From Derby DQ to doping, a chaotic year in horse racing

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FILE - In this May 4, 2019, file photo, jockey Flavien Prat, aboard Country House, center, looks on as jockey Luis Saez, right, aboard Maximum Security, crosses the finish line during the 145th running of the Kentucky Derby horse race at Churchill Downs in Louisville, Ky. Maximum Security crossed the finish line first in the 2019 Kentucky Derby. What happened next set horse racing off on a year-long odyssey of chaos. From a historic DQ to doping, lawsuits to a global pandemic, and then a Triple Crown turned upside down. (AP Photo/Matt Slocum, File)

LOUISVILLE, Ky. – Maximum Security crossed the finish line first in the 2019 Kentucky Derby. What happened next set horse racing off on a yearlong odyssey of chaos: from a historic DQ to doping, from lawsuits to a pandemic, and now a Triple Crown turned upside down.

Amidst the uncertainty, Tiz the Law has emerged. A victory in the 146th Derby on Saturday would put the colt bred in upstate New York in position to become racing’s 14th Triple Crown winner going into next month’s Preakness.

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“If he won it, he’d have an asterisk,” rival owner Jack Wolf said. “I’d rather have an asterisk than not have it.”

The coronavirus upended the Triple Crown, turning the series from a five-week sprint into a 15-week marathon and scrambling the order. Instead of leading off on the first Saturday in May, the Kentucky Derby shifted to Labor Day weekend. It's being sandwiched between the Belmont Stakes in mid-June and the Preakness in early October.

It took until days before this year’s race to confirm last year’s Derby winner.

Maximum Security’s owners sued in an effort to overturn the decision by Churchill Downs stewards that disqualified their colt for interference, an unprecedented move. Last week, a federal appeals court upheld a lower court’s decision to dismiss the lawsuit by Gary and Mary West. They have dropped any further appeals. Country House, the second-place finisher, was declared the winner.

In March, Maximum Security’s trainer Jason Servis was indicted, along with over two dozen other trainers, assistants, veterinarians and pharmacists, in connection with a horse doping ring. Federal authorities allege that Servis was part of a network of racing insiders that sold, distributed and drugged horses to enhance their performance. Defense attorneys are waiting to review all of the government’s evidence against their clients. No trial date has been set.

In late February, Maximum Security won the Saudi Cup. However, the Wests have yet to receive $10 million in purse money. It’s been withheld by race organizers pending the outcome of their investigation, which was prompted by Servis’ indictment. Maximum Security has never tested positive for an illegal substance.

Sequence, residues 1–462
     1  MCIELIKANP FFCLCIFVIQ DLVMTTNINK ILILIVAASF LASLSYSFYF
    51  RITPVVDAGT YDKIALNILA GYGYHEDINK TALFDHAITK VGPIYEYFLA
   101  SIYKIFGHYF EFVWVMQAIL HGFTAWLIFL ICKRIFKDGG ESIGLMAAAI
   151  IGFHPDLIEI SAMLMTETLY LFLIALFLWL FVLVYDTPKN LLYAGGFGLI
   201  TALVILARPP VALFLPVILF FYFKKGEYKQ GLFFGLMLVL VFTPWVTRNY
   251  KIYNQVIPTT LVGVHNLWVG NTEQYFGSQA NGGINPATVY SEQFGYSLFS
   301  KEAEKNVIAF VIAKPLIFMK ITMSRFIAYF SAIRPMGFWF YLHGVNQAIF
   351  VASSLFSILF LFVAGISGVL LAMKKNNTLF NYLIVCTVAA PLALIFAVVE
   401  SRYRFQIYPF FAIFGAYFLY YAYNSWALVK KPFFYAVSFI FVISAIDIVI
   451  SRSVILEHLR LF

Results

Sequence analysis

The Jockey Club of Saudi Arabia said the coronavirus pandemic has delayed the process, though it said purse money would be paid out to the owners of horses that finished second through 10th.

After Servis' indictment, the Wests hired Bob Baffert, a two-time Triple Crown winner, to train Maximum Security.

Still, the hits kept coming.

The coronavirus brought the nation to a virtual standstill in mid-March. Racing eventually resumed and fans went from cheering at the rail to yelling at their laptops and phones while betting online. Fans weren’t allowed at the Belmont Stakes. At first, Churchill Downs was going to allow a limited number of spectators, then decided against it.

“Who would have ever thought you’d run the Kentucky Derby with no fans?” Hall of Fame jockey Mike Smith said.

The Preakness also will be run without spectators, it was announced Wednesday.

Not having fans at any of the Triple Crown races dents the massive economic boost received by the host tracks and cities.

The sport already was on edge after a rash of horse deaths at Santa Anita and other tracks that extended into this year.

“What could go wrong now?” wondered Baffert, whose wife regularly asks him: “What’s the latest? Any more Scud missiles drop?”

Several landed close to home throughout the spring and summer.

On the same day the Kentucky Derby would have been run, Baffert had two horses entered at Oaklawn Park. Charlatan won a division of the Arkansas Derby and filly Gamine won a lesser race. Both later tested positive for lidocaine, a numbing agent that is considered a Class 2 drug. Both horses were disqualified and stripped of their purse money. Baffert is appealing his 15-day suspension, which could be heard by the Arkansas Racing Commission in mid-September.

Gamine is the early even-money favorite for the $1 million Kentucky Oaks on Friday.

In early June, Baffert grieved the loss of Arrogate, the champion 3-year-old male horse of 2016. Under Baffert’s tutelage, Arrogate became North America’s all-time leading money winner. The horse was euthanized at age 7 after becoming ill.

Charlatan and Nadal were Baffert’s top two Derby candidates. Charlatan was sidelined by a minor injury; Nadal got hurt and had to be retired. The five-time Derby winning trainer brought two other colts to Louisville.

“I can’t wait until 2020 is over,” Baffert said. “It’s just one big asterisk.”


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